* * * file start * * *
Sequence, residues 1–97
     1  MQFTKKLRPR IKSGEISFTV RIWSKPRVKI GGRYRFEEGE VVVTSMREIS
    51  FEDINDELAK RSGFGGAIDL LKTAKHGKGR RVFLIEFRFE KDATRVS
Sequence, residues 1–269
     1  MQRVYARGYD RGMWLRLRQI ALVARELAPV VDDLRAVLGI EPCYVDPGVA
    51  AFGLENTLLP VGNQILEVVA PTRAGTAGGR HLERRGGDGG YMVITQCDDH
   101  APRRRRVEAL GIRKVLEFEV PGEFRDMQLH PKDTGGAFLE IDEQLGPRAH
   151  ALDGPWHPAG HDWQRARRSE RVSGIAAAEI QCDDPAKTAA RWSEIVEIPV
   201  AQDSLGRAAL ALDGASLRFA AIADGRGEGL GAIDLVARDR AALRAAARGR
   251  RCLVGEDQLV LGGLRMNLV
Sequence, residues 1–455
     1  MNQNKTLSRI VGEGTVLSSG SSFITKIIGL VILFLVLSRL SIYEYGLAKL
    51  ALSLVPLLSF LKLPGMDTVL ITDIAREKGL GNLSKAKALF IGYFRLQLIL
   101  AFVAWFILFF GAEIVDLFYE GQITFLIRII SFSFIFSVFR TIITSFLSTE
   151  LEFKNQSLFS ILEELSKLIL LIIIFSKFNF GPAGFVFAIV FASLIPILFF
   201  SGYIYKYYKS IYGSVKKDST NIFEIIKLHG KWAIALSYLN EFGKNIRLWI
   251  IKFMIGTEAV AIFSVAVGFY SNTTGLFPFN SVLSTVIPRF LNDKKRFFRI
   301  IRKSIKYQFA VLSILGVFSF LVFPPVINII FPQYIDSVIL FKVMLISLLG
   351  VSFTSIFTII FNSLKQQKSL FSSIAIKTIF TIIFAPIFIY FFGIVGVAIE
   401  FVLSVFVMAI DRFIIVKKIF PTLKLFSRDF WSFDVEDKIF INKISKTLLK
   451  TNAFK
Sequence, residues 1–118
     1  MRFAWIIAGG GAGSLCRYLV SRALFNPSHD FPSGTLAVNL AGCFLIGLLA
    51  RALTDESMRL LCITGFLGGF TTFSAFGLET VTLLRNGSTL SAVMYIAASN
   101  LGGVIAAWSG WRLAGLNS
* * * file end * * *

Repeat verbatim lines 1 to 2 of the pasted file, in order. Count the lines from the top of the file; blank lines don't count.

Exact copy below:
Sequence, residues 1–97
     1  MQFTKKLRPR IKSGEISFTV RIWSKPRVKI GGRYRFEEGE VVVTSMREIS